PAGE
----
About Me Being a Big Brother
Uncle Rufus from 5b spends the night and makes bratwurst for breakfast. We stand at the kitchen window eating the bratwurst out of rolled cones of newspaper and watching the snow pile up on the fire escapes and power lines below. Uncle Rufus is not our uncle; he’s just some old man who smells like dirty shorts and comes over for Thanksgiving and Christmas dinners and when Mom needs a favor—like last night after she got the birthing pains and had to go to the hospital. “Congratulations,” he says. He clinks his mug against mine, and Hawaiian Punch splatters on the floor like the blood when Mom’s water broke. He says he got a phone call from her in the middle of the night and then he tells me your name, your weight, and the time you were born. I sop up the spilled punch with the toe of my sock and try to picture you like the babies on television, but all I can see is the frightened face of the bird Mom pulled out of the kitchen vent last spring. Uncle Rufus hands me a sack lunch of cashews and red licorice. “You’ll get used to it,”he says, and I know he’s not talking about the sack lunch but about me being a big brother. “You’ll have someone to hold under the blankets when you fart.”He laughs, but I’m thinking of how I’d cried when Mom wouldn’t let me keep that bird, the sound of her voice that told me to hush up and when I said I couldn’t, the sting of her hand across my cheek that made it so. Uncle Rufus now helps me into my boots, zips up my snowsuit—catching the tip of my chin in its teeth—and sends me to school. On the way I toss the cashews to the crows and bend the licorice ropes to form letters in the snow. When finished, I stand awhile and stare at your name. To get used to it, I guess.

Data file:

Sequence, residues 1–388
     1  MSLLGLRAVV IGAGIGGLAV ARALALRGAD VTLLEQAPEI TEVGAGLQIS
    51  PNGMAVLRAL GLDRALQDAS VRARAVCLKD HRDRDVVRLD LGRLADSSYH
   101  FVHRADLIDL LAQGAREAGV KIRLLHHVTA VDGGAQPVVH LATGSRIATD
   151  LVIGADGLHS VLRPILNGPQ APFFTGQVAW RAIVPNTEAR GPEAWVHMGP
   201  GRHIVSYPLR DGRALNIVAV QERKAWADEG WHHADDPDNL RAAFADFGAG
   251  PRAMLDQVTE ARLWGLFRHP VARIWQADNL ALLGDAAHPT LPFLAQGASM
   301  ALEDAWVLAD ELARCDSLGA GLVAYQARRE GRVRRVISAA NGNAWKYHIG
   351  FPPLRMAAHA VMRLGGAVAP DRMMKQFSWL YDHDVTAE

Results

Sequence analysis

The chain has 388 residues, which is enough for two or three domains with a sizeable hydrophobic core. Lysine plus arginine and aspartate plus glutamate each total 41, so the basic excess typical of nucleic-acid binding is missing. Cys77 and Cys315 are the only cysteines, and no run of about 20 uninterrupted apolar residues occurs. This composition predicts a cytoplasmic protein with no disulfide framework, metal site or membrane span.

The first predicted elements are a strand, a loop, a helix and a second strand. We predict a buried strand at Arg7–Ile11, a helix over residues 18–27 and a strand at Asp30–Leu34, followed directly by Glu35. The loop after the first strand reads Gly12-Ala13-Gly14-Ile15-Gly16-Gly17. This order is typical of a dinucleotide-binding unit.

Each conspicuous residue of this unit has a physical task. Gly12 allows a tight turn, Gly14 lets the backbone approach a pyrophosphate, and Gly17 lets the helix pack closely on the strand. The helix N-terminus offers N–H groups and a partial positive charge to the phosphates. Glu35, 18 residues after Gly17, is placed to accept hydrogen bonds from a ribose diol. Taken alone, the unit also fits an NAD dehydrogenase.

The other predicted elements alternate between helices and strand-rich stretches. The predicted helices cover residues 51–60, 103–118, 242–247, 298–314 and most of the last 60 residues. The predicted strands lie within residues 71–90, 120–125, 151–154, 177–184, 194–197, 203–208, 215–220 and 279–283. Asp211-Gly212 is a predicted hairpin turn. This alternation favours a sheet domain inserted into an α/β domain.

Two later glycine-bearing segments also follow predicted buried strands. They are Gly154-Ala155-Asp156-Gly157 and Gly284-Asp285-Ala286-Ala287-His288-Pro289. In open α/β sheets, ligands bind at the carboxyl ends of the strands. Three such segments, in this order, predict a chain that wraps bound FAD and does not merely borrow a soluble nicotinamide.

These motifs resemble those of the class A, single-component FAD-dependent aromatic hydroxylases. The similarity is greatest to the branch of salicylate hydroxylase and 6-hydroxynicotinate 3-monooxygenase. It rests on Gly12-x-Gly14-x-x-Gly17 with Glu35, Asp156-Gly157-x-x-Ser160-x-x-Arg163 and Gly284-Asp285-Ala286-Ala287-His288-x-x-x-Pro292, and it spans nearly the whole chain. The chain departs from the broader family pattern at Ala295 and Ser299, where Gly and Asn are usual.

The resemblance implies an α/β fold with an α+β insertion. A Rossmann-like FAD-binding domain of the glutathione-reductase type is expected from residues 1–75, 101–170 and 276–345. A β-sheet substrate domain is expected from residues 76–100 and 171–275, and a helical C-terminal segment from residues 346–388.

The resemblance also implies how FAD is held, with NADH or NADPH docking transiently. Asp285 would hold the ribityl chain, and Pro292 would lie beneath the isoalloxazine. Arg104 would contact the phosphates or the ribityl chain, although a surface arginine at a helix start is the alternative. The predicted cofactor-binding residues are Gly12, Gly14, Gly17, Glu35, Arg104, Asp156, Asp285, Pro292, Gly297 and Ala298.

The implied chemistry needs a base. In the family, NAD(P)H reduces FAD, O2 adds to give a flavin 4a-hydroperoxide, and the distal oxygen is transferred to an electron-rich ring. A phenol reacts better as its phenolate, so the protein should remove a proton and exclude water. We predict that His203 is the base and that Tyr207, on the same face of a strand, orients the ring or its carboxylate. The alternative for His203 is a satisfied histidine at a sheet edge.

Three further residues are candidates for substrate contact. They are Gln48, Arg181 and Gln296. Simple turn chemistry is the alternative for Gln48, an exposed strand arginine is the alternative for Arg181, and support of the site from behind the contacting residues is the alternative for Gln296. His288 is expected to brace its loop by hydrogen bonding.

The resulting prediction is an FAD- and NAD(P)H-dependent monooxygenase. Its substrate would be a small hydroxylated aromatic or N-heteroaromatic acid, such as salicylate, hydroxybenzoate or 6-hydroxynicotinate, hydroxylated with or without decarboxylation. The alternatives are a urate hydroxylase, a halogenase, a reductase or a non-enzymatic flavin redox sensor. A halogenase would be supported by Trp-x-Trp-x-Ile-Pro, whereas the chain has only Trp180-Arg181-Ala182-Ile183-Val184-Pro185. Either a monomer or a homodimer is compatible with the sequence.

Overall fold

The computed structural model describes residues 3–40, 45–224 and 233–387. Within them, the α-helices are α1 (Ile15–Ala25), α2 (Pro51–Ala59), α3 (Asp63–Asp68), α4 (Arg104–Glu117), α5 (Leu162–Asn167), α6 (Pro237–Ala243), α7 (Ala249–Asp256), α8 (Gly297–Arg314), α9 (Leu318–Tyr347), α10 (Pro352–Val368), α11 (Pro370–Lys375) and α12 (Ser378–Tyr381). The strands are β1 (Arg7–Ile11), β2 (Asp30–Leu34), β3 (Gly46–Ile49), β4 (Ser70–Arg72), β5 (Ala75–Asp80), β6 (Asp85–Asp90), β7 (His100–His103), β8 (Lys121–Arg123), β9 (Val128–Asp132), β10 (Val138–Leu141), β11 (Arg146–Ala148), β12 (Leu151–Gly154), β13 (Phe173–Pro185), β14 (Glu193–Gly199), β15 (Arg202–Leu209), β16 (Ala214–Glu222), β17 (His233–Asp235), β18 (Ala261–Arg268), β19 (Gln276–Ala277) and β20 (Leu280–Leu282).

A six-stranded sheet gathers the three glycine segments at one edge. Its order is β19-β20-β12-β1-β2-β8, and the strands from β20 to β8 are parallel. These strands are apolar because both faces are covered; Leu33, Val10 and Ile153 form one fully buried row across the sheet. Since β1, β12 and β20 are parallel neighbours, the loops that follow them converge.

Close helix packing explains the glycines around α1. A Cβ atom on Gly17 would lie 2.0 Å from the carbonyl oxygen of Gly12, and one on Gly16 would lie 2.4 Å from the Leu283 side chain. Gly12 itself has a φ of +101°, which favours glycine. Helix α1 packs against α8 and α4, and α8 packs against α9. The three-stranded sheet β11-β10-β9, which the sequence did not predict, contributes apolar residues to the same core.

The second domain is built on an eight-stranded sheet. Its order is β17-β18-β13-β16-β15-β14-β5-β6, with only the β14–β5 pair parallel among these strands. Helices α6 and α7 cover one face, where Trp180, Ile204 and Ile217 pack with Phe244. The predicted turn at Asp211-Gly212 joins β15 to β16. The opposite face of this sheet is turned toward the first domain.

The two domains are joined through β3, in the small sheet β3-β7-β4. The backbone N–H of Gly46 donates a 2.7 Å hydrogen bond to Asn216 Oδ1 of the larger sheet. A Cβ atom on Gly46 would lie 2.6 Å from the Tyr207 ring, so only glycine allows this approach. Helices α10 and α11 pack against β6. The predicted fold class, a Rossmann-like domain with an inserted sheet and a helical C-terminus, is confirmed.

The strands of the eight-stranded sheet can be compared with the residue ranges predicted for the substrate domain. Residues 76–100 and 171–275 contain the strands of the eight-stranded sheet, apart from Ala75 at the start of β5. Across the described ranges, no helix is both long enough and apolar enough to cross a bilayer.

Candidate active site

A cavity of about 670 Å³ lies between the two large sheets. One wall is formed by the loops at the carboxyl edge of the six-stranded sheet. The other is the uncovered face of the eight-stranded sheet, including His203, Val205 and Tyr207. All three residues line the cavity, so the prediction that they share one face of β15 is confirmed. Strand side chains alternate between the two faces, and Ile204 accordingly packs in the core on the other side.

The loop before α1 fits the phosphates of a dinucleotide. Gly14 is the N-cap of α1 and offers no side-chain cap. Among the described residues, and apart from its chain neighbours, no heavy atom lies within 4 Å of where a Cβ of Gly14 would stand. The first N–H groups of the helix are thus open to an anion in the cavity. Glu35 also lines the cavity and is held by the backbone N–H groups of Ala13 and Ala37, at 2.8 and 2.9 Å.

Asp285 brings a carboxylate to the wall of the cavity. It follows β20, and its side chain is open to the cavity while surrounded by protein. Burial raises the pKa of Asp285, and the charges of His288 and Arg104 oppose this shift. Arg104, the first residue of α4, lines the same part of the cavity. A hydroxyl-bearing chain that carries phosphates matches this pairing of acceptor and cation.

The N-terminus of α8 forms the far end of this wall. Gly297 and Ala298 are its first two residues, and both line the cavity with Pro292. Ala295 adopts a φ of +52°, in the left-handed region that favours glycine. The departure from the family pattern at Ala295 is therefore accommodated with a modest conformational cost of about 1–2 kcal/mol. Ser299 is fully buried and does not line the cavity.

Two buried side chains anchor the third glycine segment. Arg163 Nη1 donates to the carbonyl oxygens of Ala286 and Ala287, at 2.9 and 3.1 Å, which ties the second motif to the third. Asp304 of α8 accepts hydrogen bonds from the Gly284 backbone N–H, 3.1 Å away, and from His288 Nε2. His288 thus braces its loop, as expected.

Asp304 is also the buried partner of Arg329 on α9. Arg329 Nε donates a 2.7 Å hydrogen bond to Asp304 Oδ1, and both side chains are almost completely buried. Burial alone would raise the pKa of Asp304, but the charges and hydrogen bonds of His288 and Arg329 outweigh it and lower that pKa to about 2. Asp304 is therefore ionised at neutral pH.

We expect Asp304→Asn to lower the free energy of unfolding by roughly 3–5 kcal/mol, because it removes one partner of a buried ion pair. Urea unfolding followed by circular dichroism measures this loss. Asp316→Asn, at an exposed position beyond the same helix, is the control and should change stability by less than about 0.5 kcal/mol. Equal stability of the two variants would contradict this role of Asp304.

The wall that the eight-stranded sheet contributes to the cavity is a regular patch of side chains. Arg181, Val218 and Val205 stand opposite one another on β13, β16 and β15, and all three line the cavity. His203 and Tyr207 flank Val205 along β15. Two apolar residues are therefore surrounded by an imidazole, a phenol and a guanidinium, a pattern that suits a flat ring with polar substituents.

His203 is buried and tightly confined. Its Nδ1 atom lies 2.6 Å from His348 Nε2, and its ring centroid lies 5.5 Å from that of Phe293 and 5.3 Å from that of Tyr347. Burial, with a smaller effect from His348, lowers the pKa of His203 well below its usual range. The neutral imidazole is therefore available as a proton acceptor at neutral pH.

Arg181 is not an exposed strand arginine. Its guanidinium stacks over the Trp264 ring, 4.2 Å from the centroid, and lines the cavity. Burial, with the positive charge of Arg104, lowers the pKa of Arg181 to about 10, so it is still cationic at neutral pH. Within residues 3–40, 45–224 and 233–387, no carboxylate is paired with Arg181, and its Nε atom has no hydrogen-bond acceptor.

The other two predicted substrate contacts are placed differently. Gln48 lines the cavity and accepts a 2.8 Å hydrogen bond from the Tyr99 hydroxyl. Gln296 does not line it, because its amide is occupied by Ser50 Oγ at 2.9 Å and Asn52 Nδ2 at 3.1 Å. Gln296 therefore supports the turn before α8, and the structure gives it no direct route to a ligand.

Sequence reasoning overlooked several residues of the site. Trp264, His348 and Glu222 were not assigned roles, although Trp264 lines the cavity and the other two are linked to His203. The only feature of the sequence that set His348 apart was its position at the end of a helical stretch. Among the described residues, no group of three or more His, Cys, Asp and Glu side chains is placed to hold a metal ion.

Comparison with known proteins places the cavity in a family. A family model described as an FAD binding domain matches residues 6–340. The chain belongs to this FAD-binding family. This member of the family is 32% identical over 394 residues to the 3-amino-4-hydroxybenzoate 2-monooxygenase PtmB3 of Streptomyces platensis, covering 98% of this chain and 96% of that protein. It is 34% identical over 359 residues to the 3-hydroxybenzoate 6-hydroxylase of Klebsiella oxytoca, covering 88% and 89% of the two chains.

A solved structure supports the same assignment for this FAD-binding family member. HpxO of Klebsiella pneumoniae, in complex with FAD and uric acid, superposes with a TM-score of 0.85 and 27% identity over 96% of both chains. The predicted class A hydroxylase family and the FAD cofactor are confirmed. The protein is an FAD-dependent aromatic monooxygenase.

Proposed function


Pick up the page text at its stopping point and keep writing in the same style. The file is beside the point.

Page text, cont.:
Audra Kerr Brown’s writing has been featured in Pithead Chapel, 3Elements Review, Sleet Magazine, Robot Melon, Postcard Poems and Prose, and elsewhere. She lives with her husband and daughter on a quaint farm in Iowa.
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Cover image: Philip Hay (https://www.flickr.com/photos/minipixel)